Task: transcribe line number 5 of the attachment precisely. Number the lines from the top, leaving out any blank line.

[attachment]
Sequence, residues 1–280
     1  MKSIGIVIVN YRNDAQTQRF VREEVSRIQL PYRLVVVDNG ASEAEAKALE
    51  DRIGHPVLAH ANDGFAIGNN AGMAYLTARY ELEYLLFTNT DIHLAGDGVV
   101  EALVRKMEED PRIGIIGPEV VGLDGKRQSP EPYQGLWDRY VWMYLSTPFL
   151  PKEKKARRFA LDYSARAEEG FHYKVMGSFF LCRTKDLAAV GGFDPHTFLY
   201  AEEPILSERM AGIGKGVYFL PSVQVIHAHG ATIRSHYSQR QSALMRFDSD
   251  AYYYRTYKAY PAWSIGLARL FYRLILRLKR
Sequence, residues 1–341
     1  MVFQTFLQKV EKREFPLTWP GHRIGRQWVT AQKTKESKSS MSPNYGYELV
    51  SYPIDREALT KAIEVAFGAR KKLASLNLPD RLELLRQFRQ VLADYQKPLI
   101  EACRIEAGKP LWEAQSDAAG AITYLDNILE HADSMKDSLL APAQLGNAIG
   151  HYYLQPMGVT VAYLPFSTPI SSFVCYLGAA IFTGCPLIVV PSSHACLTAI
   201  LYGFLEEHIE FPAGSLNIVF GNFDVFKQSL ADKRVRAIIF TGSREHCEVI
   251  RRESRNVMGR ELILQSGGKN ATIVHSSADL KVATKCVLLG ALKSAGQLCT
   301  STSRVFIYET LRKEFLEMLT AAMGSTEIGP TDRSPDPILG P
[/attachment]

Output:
   151  PKEKKARRFA LDYSARAEEG FHYKVMGSFF LCRTKDLAAV GGFDPHTFLY